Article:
5 Estate Planning Documents You Need To Have

One of the questions that we commonly receive as estate planning attorneys in New Jersey revolves around what exactly is an estate plan. Afterall, as long as you have a Last Will and Testament, doesn’t that mean that any assets that are left behind will be distributed exactly how you envision it? Not exactly. A comprehensive estate plan is necessary for any person, regardless of how old you are. Also, an estate plan consists of a lot more than just a Last Will and Testament. Here are some examples of documents that should always be part of your estate planning in NJ.

1. Estate Planning Documents Needed: Last Will & Testament

One of the estate planning documents needed is a Last Will & Testament. Your Last Will & Testament is perhaps your most important estate planning document because it delineates how you want to distribute your assets after you pass away. A Last Will & Testament is essential to determining who will inherit your property as well as how much they will inherit and when they inherit it. In your will, you will also need to select an Executor as well as a Trustee for any testamentary trusts that you create in your will for your beneficiaries. Keep in mind that if you have minor children, you can also use your will to name guardians for them in the event of your untimely passing. This process is complex so you should avoid thinking is LegalZoom good for Wills and trust the professionals.

2. Important Documents for Estate Planning: A Revocable or an Irrevocable Trust

Depending on your situation, one of the most important documents for estate planning you need is a trust. It may benefit you to create a revocable (living) or an irrevocable trust. A revocable living trust is revocable which means that any property that you retitle in the name of the trust you can always retitle back in your name. In many cases, this can help a person to feel more comfortable with the process of using a trust as part of their estate plan. However, there are times where it may be more beneficial to use an irrevocable trust. For instance, if estate tax planning is a big concern for you, if you are putting together a long-term care plan or you have a disabled family member that you would like to provide for. Our experienced estate planning attorneys will provide you with an in-depth explanation as to the best option for you.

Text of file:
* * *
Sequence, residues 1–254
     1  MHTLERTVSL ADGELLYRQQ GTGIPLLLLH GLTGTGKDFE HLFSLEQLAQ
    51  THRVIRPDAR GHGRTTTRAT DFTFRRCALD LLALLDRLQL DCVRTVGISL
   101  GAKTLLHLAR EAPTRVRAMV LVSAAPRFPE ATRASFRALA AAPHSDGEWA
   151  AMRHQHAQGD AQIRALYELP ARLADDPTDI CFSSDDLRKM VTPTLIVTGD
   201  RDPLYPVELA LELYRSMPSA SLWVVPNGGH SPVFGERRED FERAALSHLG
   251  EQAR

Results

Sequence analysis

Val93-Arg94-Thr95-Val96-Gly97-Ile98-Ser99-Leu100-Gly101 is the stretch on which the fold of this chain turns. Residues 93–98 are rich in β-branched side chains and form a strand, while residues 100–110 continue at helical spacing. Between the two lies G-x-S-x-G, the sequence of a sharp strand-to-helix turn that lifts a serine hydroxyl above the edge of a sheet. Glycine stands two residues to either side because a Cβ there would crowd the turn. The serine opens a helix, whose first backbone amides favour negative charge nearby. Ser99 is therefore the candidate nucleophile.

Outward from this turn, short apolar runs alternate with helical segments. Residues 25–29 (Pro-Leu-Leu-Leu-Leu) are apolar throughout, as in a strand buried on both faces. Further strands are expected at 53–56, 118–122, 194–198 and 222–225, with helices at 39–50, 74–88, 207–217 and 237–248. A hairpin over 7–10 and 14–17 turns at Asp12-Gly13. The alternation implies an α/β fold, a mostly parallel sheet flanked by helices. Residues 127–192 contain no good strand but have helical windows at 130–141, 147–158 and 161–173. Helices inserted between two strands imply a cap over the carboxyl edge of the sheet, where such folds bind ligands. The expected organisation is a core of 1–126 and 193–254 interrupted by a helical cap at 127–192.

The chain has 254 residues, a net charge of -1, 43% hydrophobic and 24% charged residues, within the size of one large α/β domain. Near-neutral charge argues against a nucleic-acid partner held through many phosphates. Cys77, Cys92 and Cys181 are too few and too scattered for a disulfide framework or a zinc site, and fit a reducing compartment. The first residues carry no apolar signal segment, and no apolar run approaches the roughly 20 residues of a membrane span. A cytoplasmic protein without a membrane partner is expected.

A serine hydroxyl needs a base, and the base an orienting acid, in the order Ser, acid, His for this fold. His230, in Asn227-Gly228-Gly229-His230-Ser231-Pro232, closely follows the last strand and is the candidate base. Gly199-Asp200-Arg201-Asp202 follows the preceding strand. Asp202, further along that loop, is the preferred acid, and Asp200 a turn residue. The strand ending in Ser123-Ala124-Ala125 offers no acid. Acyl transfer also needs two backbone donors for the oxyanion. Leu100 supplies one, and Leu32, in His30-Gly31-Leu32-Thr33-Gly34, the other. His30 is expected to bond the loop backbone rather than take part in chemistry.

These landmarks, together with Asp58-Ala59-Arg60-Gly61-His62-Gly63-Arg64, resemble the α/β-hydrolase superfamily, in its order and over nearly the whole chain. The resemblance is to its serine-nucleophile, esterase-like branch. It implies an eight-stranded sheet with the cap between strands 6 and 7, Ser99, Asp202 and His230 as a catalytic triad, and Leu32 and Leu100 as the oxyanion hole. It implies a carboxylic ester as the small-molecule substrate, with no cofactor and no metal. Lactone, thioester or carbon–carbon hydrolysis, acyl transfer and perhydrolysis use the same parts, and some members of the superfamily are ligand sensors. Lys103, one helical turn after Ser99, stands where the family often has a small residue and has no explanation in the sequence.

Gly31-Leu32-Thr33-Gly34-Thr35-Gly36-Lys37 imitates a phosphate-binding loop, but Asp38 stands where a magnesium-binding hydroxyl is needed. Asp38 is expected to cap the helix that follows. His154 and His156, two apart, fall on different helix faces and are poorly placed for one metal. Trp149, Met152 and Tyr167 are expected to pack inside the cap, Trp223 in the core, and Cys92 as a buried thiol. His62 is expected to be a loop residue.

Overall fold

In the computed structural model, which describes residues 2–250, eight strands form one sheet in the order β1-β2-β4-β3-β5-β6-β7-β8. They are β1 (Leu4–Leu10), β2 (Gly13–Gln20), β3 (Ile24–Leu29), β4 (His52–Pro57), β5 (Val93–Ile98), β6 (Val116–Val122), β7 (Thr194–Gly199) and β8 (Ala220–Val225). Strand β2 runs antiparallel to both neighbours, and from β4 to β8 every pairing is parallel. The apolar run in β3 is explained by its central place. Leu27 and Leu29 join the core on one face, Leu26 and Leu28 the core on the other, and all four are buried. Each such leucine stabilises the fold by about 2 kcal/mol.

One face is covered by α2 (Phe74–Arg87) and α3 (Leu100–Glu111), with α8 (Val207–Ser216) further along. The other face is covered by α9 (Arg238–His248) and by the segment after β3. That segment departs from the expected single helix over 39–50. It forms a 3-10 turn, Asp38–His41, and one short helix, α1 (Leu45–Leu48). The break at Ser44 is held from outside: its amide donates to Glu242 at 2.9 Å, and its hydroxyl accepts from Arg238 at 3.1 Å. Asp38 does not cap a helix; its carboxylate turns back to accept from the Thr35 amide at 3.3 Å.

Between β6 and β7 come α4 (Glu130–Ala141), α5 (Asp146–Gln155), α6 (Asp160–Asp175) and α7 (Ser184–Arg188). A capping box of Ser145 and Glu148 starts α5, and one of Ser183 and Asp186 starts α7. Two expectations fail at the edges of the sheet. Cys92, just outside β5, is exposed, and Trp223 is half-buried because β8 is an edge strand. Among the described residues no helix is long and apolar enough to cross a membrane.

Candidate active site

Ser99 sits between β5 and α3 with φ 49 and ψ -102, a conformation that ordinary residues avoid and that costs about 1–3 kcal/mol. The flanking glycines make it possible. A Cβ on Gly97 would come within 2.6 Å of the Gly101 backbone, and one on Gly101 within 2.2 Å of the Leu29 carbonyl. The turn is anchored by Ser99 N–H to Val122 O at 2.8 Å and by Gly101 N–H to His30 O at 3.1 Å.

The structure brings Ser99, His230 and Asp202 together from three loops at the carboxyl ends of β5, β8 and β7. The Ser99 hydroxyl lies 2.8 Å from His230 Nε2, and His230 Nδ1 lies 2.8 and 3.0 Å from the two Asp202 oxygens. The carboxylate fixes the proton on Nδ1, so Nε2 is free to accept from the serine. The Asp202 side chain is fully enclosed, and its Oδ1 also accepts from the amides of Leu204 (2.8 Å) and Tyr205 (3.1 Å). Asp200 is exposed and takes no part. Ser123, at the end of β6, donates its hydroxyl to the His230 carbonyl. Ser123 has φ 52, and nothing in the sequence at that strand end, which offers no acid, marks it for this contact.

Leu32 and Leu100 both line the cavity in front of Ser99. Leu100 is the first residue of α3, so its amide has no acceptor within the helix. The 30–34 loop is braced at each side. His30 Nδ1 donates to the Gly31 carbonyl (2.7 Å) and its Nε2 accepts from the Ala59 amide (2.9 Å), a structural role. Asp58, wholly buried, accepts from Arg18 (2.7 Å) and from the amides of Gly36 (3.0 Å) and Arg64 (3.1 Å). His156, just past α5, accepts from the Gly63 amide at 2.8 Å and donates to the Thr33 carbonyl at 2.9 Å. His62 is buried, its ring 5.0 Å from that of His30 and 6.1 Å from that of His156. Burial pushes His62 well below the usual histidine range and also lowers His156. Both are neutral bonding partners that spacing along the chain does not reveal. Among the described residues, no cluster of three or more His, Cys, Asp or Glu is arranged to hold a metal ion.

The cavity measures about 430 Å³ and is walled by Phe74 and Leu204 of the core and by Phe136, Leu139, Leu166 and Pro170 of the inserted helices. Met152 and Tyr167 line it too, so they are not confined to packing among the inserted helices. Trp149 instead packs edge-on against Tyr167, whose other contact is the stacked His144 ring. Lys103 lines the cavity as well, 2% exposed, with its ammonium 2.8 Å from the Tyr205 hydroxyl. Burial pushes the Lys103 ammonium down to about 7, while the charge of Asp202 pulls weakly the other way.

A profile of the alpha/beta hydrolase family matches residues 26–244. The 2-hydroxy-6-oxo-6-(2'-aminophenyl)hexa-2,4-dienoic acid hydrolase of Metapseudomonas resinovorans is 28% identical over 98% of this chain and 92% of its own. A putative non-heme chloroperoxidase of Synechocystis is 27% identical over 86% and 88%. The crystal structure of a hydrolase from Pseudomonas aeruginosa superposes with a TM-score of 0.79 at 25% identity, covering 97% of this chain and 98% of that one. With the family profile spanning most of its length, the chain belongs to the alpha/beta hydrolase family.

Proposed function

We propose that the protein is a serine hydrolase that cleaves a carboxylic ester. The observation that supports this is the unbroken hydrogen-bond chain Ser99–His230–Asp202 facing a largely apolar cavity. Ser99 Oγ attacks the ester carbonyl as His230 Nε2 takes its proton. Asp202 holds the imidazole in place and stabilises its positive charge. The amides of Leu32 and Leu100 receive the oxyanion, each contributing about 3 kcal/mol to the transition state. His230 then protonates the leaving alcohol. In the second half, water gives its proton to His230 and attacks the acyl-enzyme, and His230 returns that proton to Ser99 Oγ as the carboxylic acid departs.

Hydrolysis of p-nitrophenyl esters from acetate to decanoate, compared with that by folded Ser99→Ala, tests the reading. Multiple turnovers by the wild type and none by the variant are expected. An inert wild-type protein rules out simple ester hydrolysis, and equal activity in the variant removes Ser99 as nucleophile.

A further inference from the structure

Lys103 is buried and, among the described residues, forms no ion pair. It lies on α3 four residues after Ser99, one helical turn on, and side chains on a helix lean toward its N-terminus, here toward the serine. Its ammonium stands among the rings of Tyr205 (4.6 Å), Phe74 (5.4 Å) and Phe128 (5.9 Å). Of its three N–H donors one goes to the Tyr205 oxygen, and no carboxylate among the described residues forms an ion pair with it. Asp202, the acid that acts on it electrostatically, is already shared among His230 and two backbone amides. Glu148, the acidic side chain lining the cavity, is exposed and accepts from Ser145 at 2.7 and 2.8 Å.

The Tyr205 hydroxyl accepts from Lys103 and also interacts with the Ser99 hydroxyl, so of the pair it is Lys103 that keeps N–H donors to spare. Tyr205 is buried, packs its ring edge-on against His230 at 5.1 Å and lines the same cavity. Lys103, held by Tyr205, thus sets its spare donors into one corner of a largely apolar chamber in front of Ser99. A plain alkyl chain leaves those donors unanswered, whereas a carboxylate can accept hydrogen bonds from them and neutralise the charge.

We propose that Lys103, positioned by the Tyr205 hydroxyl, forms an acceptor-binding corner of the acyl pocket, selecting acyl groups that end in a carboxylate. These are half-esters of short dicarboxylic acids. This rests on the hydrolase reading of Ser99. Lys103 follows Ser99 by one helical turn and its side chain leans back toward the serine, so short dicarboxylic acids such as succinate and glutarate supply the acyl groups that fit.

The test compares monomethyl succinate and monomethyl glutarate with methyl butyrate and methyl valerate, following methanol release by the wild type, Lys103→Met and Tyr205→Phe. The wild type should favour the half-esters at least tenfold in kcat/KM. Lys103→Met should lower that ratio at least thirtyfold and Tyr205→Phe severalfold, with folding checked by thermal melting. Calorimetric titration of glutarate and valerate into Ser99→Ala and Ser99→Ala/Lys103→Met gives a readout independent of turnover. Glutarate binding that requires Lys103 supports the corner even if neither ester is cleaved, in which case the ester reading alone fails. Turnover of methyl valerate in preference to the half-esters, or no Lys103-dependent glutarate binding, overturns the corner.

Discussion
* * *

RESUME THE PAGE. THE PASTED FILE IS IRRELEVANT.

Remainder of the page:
3. Estate Planning Documents Explained: Financial Power of Attorney

Another one of the important documents for estate planning is a financial power of attorney. A Financial Power of Attorney authorizes someone (such as a spouse or close family member) to make important decisions on your behalf in the event that you aren’t able to do so for yourself. This includes everything from financial transactions to the transfer of property to the approval of legal agreements. A Power of Attorney offers a wide range of authorizations, which gives you more control over what you can allow someone to do on your behalf.

4. Medical Power of Attorney

One of the important documents for estate planning you need to have is a medical power of attorney. This document deals with medical decisions made on your behalf when you are unable to do so yourself due to incapacitation. Having an advanced healthcare directive in place can help to make things much easier in terms of communicating with a doctor or a hospital. Your treatment team will look to the person that you designate to make medical decisions on your behalf which can give your family a great sense of peace in knowing that you’re being cared for according to your wishes. There are several mistakes to avoid with estate planning. Not having a medical power of attorney is one of them.  

5. A Living Will

There are many people who often confuse a Last Will& Testament with a living will. However, these are two completely separate, albeit important, documents. A living will is a written expression of a person’s wishes for their medical care if they are unable to make those decisions for themselves, especially concerning end of life decisions. This document goes hand-in-hand with Medical Power of Attorney and can provide your family with a more comprehensive view of your medical wishes.

Relsted: 4 Things That Can Happen if You Die Without a Will